Alpha feto-protein can also be detected in the blood and it is hoped that by doing this blood test on all pregnant women those with a possible spina bifida fetus will be picked up. An amniocentesis to detect spina binda is only done at present where the blood test is positive, there is a family history or where the woman has already given birth to a spina bihda baby. Before having an amniocentesis to detect mongolism or spina bifida, it is important that the woman concerned decides that if the test is positive, she will be prepared to have a termination.


Amniocentesis is used in late pregnancy principally to detect bile pigment or lecithin and sphingomyelin in the fluid. Bilirubin is the bile pigment present in the fluid when the fetus has become severely jaundiced as a result of rhesus incompatibility. When the level is high steps must be taken to lower the level or deliver the baby.

The blood vessels in the placenta join together and emerge from the centre of its fetal surface as two arteries carrying blood from the fetus to the placenta and one vein carrying blood the other way. These three blood vessels are surrounded by a special jelly-like substance and enclosed by an outer membrane to form the umbilical cord, which stretches out from the placenta to enter the fetus at the site of its future navel.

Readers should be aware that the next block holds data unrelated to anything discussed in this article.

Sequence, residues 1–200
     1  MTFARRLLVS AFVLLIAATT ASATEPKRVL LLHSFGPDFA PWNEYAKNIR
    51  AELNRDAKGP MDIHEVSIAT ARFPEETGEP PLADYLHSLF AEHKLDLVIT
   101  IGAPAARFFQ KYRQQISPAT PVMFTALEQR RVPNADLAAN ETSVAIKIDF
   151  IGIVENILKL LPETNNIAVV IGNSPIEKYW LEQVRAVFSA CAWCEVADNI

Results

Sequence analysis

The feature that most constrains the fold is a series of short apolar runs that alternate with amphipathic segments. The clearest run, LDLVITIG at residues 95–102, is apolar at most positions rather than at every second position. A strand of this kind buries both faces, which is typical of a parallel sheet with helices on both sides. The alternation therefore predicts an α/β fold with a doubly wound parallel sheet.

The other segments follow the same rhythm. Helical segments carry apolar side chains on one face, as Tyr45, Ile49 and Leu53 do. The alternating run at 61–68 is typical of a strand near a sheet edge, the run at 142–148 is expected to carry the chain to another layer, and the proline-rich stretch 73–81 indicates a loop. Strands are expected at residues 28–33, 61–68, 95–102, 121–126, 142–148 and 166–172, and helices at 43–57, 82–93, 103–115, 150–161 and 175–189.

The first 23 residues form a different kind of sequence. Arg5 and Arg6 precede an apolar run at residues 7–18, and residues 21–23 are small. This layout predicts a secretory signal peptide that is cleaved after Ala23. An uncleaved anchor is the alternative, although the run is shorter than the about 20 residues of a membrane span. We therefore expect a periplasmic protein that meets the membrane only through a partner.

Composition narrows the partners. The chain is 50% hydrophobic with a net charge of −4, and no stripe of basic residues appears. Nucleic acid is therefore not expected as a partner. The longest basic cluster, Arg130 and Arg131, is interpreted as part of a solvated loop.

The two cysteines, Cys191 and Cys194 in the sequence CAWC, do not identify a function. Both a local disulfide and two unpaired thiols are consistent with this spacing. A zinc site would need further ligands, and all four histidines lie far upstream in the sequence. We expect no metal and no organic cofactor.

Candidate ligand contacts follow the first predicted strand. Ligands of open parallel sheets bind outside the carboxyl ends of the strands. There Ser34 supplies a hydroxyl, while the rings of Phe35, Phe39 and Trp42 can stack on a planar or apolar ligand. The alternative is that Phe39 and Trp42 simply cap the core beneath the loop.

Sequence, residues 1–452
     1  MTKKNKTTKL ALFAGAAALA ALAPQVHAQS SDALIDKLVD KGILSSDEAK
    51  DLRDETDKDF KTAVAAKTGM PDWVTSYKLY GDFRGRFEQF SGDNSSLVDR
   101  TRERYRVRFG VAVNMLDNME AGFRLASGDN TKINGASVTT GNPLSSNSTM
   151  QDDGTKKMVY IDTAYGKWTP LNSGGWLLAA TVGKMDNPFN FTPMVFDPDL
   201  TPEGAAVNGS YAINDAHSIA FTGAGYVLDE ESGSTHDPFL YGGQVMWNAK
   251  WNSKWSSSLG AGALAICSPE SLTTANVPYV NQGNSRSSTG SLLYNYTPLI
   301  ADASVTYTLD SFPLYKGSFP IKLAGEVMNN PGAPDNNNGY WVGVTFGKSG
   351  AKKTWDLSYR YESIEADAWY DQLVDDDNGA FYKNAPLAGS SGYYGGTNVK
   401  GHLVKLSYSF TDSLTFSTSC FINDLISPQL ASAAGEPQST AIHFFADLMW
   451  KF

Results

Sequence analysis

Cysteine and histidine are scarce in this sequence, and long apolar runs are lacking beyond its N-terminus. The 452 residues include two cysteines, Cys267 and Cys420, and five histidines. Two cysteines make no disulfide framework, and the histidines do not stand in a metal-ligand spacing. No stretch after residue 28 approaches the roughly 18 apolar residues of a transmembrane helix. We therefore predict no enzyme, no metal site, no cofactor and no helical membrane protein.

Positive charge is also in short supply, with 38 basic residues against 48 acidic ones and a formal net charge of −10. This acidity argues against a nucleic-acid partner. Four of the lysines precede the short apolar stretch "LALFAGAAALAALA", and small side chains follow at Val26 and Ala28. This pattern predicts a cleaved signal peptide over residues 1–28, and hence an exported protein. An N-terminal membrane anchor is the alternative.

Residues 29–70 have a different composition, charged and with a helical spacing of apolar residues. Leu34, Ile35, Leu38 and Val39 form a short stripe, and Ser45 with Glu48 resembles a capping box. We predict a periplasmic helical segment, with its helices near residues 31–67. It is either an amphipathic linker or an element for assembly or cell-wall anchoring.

There, the blood vessels from the placenta ioin up with those of the fetus. The feto-placental circulation is thus completed. The fetal heart can now pump blood through the umbilical arteries to the placenta and receive blood back from it in the umbilical vein. At the find of pregnancy the umbilical cord is about 50 cm (20 in) long and is the vital link between the baby and its placenta.

Astronauts walking in space refer to the pipe which connects them to the space craft as their umbilical cord. The comparison is very apt, since, in both cases, the individual is dependent upon the oxygen brought to it through the connecting link.

Lecithin and Sphingomyelin

These substances are present in the baby’s lungs and enable the lungs to open up after delivery when the baby takes its first breath. A lack of lecithin and sphingomyelin leads to great difficulty in breathing and the baby sometimes dies of the condition known as the respiratory distress syndrome or hyaline membrane disease.